Successful, long haul compliance will require convergence of the horizontal and vertica application capabilities in easy to deploy offerings. SAP's Medicino offering might be illustrative although the vertical application underpinnings may still be less than agile. Given enough time, that convergence can be achieved by implementing "Business Process Management" (BPM) systems, but to address compliance matters promptly there needs to be some early melding of email with vertical applications and rules-oriented workflow.
Many companies are struggling to achieve email "compliance" - what cannot be said or must be said, and when it can be said. Although not the subject of this page, another manifestation of the same problem is the effort required to address the Sarbanes-Oxley compliance issues posed by heavy reliance on spreadsheets.
Although the PC revolution has ended or at least matured, the consequences are still very much with us.
Beginning in the late 1980's and early 1990's, the typical corporation developed two distinct Information Technology (IT) environments (more if it was involved in engineering or manufacturing). The business systems environment is termed "vertical," and it includes software that performs sales order processing, inventory management, payroll, general ledger and many other functional business processes. The term "vertical" was adopted because these systems were aligned with organizational "chimneys" - for example, payroll people could used payroll systems, accountants used the general ledger system.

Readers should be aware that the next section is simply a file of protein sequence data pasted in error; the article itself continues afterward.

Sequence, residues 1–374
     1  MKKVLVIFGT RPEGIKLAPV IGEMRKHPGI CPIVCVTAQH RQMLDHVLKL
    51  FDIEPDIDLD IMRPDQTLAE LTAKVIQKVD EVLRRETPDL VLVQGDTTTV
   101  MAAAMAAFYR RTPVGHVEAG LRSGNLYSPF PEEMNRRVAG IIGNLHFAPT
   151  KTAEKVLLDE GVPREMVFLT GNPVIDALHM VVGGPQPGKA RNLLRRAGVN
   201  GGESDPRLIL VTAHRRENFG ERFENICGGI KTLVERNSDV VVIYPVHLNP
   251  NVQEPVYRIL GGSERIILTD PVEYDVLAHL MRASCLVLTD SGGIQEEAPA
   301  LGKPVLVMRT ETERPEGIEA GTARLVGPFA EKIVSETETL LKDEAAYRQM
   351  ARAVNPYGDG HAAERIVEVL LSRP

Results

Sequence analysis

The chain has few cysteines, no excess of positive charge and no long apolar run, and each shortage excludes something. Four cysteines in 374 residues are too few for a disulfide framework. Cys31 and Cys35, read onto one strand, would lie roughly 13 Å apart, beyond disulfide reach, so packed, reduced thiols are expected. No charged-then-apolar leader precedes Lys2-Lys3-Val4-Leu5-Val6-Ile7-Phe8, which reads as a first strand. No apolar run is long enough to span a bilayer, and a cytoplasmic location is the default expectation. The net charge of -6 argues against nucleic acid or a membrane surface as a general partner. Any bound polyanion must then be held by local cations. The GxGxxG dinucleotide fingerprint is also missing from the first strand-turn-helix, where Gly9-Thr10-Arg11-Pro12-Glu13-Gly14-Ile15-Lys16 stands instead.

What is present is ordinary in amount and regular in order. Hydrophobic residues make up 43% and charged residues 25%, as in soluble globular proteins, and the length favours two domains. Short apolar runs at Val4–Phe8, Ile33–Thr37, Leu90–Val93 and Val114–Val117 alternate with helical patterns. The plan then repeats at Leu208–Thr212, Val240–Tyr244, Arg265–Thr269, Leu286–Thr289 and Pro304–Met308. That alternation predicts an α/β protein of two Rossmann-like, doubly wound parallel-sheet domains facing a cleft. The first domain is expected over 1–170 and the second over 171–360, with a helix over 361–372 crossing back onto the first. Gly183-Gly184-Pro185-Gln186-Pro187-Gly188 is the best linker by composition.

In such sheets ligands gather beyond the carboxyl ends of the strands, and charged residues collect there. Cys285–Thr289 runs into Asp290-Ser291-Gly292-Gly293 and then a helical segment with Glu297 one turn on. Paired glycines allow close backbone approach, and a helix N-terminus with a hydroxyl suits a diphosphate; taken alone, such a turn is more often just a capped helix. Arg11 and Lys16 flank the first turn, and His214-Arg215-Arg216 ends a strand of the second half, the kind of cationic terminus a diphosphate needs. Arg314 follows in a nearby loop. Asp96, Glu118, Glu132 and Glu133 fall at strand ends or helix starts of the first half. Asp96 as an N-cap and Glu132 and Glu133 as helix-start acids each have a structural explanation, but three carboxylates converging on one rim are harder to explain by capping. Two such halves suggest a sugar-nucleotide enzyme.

The other software category - "horizontal" - was made up of "end user" personal productivity applications that could be used across the company - starting with word processing and spreadsheet packages later followed by email and presentation packages. The price per unit of processing power on a mainframe or minicomputer was much higher than on a PC, so most "horizontal" applications migrated to PCs - a trend accelerated by the user appeal of the graphical user interface (GUI) - economically supportable only on the PC.
Of course, those same PCs were too limited to support large, multi-user vertical applications, so like continents drifting apart, the horizontals went one way and the verticals went another. Also, horizontal applications as well as PCs became consumer products, so the horizontal world has enjoyed huge economies of scale and wide acceptance.
Today, things are not all that different.